Global Material Handling System Integrators

How to Maximize a Caster's Life



Let’s face it, a caster is a seemingly simple piece of equipment. Yet I bet almost all of your rolling material handling equipment has casters on them. Well here is a list of simple things you can do to reduce the wear on your casters and maximize lifespan.


  • Lubricate: Check all the moving parts of a caster for lubrication. Pack the bearings with grease to reduce friction at the center turning point. Check the bearings between the plate and forks on a swivel caster for lubrication. Some casters come with grease nipples to assist with this task.
  • Maintain your floors: Cracks, pits, debris and large gaps in-between concrete slabs can cause serious damage, especially when the caster is under-load. A head on collision is basically what this amounts to. Avoid these areas, or better yet, take care of your floors.
  • Use your Casters: Casters that sit for a long period of time tend to dry rot or form flat spots. This can cause a resistance to movement.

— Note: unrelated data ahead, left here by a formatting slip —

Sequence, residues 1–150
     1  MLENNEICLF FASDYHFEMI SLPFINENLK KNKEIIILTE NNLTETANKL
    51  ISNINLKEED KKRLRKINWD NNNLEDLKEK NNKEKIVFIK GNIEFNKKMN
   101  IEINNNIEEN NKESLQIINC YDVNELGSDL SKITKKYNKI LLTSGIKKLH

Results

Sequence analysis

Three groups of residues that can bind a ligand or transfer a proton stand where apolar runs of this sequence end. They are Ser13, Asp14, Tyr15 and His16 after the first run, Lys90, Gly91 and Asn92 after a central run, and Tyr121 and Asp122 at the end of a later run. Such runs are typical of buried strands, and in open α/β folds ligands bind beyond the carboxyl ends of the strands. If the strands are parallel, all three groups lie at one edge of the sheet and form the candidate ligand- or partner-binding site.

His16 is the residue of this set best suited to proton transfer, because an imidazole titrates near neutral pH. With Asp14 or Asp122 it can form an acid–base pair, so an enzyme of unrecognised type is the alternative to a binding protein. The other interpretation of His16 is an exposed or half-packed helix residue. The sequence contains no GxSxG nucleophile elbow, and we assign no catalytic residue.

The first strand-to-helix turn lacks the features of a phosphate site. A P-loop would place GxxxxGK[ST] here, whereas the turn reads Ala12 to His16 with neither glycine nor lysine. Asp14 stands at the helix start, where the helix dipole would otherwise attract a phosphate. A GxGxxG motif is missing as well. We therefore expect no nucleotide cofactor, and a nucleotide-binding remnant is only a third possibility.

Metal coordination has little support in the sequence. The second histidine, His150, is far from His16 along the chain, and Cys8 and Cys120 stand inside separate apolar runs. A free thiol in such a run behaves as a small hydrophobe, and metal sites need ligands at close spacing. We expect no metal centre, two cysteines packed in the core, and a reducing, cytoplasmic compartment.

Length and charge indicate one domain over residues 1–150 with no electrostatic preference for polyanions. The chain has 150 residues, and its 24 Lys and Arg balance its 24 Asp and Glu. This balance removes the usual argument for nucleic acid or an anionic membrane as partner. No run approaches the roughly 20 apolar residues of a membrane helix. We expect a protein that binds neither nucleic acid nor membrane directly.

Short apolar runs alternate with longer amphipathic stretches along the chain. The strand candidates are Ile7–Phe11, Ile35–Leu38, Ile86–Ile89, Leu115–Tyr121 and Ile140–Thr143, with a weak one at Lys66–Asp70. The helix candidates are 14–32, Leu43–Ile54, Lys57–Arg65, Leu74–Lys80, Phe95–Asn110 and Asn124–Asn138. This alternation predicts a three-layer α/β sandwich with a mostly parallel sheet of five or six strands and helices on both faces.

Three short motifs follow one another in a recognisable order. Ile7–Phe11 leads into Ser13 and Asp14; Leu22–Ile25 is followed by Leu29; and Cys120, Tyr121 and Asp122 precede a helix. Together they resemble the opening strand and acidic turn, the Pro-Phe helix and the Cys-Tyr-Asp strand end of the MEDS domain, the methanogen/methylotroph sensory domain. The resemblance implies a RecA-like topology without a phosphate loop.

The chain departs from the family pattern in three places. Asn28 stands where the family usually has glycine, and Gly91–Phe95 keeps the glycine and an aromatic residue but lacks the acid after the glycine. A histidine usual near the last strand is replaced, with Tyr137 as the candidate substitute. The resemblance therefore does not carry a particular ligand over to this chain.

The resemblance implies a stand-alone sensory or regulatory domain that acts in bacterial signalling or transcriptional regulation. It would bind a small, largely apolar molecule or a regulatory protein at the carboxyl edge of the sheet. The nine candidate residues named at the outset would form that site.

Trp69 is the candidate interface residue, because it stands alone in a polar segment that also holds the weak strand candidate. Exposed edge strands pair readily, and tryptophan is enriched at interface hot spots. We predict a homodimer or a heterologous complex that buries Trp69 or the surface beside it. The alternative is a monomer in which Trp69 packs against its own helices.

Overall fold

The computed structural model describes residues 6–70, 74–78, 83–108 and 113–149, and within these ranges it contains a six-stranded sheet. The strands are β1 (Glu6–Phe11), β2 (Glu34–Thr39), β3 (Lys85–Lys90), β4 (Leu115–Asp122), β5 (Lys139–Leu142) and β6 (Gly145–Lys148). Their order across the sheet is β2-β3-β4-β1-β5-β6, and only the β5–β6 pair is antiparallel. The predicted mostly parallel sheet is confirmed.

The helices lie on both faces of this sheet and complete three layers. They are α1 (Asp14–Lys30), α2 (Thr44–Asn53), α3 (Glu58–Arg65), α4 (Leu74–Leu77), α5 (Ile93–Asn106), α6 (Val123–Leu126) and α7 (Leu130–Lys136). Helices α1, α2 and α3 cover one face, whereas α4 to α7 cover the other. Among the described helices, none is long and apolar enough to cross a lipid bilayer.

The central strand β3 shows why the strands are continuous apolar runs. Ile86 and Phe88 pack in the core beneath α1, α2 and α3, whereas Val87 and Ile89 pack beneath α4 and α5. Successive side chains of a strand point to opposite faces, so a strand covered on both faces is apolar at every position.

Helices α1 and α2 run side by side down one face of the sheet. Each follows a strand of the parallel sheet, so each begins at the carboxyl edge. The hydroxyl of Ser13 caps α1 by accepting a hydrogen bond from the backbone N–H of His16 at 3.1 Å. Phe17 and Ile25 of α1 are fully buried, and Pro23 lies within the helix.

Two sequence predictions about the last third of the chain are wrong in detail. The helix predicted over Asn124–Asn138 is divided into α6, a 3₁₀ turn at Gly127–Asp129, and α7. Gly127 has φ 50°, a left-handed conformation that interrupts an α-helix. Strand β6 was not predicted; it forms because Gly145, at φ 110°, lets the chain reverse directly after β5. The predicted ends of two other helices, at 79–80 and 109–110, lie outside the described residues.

• Know your capacity: Know your caster load or weight ratings, and if you are going to exceed that, replace your casters now and save yourself time and money in the future and possibly your lower back. To find the right caster to match your capacity, visit our Capacity Rating Guide.
  • Know your application: If you are in a wet or oily environment, there are casters specifically designed for that. Really step back and think how your casters are going to be used, what type of environment they are going to be in, and pick a caster that meets your needs. This will ensure that your caster does the job right. To assist in picking the right caster, please visit our Caster Selection Guide.

Lastly, no matter how well you maintain your caster, everything has a shelf life. Eventually your caster may break. When this happens, make sure you replace it with the proper type to meet your needs. That is the best way to maintain your caster. For a little more information, here is our page dedicated to caster maintenance.

Author: Dave Knight


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